One of the more common rodents in North America is the Groundhog (Marmota monax; also called Woodchuck, Whistle-pig). True hibernators, they eat continuously in the warm season to maximize fat reserves before going into their underground burrows. The hibernation period is 5 or 6 months, October to March.
I often see Groundhog tracks in the snow in March, but this year I’ve already had several early sightings of animals out and about, wandering across open fields in the snow. They must be hungry, because I see little survival value in a large brown rodent, a favorite food of coyotes and foxes, wandering around in the middle of a snow-covered field with no escape holes.
This animal actually stopped in the middle of a field and tried to dig through the snow and frozen ground to open a burrow. It then continued wandering, this time in the general direction of some farm structures.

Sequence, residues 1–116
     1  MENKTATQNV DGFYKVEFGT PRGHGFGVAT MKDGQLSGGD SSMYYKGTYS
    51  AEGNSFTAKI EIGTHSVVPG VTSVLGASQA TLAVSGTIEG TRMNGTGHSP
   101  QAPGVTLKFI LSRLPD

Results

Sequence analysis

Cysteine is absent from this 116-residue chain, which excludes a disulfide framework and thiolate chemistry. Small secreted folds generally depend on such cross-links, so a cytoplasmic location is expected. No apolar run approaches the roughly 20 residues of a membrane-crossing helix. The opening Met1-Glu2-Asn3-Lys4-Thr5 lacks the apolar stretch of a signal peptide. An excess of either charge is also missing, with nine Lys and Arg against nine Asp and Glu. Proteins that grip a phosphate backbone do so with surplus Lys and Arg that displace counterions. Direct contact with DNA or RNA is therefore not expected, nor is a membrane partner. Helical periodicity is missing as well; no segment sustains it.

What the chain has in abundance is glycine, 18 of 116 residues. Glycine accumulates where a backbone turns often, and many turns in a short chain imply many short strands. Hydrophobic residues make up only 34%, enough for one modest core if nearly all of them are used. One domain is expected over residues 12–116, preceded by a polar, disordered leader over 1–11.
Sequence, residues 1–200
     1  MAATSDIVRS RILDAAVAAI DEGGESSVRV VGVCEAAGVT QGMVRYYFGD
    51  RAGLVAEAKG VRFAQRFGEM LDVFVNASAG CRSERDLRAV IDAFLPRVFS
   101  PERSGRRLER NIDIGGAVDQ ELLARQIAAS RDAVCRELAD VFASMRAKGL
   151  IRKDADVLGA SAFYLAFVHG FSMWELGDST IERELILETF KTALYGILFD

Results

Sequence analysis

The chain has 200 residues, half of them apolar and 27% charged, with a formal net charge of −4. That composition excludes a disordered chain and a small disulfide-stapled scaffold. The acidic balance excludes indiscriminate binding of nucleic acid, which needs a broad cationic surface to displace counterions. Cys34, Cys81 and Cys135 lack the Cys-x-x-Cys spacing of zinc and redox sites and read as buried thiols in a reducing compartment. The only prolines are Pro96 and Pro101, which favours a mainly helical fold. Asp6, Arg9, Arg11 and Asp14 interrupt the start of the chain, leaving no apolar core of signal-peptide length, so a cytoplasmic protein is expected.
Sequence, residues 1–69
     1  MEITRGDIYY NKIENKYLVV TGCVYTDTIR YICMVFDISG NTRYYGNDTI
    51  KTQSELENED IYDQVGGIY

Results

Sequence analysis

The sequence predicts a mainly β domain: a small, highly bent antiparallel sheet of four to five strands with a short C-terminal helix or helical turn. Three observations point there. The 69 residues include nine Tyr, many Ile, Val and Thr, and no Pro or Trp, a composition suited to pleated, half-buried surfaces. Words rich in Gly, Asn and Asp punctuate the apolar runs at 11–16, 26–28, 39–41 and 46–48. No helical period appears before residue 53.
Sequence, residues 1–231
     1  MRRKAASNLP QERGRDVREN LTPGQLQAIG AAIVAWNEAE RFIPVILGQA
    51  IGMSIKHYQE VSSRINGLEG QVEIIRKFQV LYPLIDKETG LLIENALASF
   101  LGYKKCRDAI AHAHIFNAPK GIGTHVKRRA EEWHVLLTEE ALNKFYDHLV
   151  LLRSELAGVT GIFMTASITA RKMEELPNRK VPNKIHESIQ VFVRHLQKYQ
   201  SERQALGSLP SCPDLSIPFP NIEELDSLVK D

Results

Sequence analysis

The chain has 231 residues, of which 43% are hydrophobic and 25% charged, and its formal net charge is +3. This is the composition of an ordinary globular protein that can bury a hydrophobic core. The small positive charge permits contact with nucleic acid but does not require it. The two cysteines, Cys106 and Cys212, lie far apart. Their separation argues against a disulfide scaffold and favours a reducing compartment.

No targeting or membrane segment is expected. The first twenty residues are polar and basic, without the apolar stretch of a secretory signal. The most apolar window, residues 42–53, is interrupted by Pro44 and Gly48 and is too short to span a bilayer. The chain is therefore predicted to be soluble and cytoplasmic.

Groundhogs will eat the bark of woody plants at this time of year, but they’re much too early for the fresh greens that they’re seeking. Under these conditions, some will probably crawl back into a burrow, accepting the fact that the life of a vegetarian living off the land can be pretty challenging in the snow belt!
Photos by NB Hunter. © All Rights Reserved.